Legal, financial perils don’t end for African migrants after they reach Europe

The shipwreck and subsequent death of hundreds of African migrants off the Italian island Lampedusa has captured global attention. But this tragedy is not a one-time occurrence. Jeff Crisp of Refugees International joins Ray Suarez to discuss the lengths migrants go to make it to Europe and the tensions it causes within the EU.

Read the Full Transcript


    Ray Suarez takes the story from there.


    For more on the perilous journey these migrants undertake, I'm joined by Jeff Crisp. He spent seven years at the U.N. refugee agency and is now the senior director for policy and advocacy at Refugees International.

    Jeff Crisp, isn't this just the most recent of these tragedies? Isn't this a problem of long duration?

    JEFF CRISP, Refugees International: Well, this tragedy has certainly gained more international attention than many other previous tragedies of its type.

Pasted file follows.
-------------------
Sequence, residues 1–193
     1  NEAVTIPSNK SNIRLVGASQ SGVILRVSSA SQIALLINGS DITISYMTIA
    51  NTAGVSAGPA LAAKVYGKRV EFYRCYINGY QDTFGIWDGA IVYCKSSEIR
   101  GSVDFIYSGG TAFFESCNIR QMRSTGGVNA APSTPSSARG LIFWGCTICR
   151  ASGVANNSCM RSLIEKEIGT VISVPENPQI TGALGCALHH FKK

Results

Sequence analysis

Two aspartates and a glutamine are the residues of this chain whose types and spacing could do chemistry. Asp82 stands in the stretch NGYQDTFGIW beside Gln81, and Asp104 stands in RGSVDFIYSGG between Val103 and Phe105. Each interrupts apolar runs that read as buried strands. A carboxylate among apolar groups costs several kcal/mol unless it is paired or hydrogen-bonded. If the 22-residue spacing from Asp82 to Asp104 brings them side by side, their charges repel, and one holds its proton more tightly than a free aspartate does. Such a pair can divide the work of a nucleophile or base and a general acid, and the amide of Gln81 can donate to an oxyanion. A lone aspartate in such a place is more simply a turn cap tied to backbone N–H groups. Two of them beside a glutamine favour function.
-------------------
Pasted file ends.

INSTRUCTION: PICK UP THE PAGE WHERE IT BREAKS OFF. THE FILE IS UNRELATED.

And I think that's partly because of the sheer numbers of people involved. As you film has just said, possibly 300 people may have lost their lives. And, secondly, because there seems to be a large number of women and children on the boat, and I think this, again, has been one of the reasons why it's attracted a lot of attention.

    We have seen these kind of movements in the past, but they tended to be younger men. Now we're having a new demographic in terms of this movement across the Mediterranean. And I think also the fact that the pope has come out so strongly on this issue has attracted a great deal of attention.

    But, as you're suggesting, I think, this is certainly not a new phenomenon. It's been going on for at least 20 years across the Mediterranean, and according to some estimates at least 20,000 people have lost their lives during that time. Now, of course, some people do manage to make the journey successfully.

    And, again, according to one estimate, in 2012, around 15,000 people did successfully cross the Mediterranean and make their way to Southern Europe.


    Now, in this case, both the living and the dead were many Eritreans from Africa's east coast. But these people heading in from Morocco, from Libya, from Tunisia, are they from all over the continent?


    Pretty much so, coming from all over sub-Saharan Africa.

    And one has to take account of the fact that before they even get to the Mediterranean, many of these people have undertaken incredibly grueling and arduous and difficult journeys. Just imagine, for example, traveling all the way over land from Somalia and Sudan and Eritrea to Libya and then having to confront the possibility of the journey across the ocean.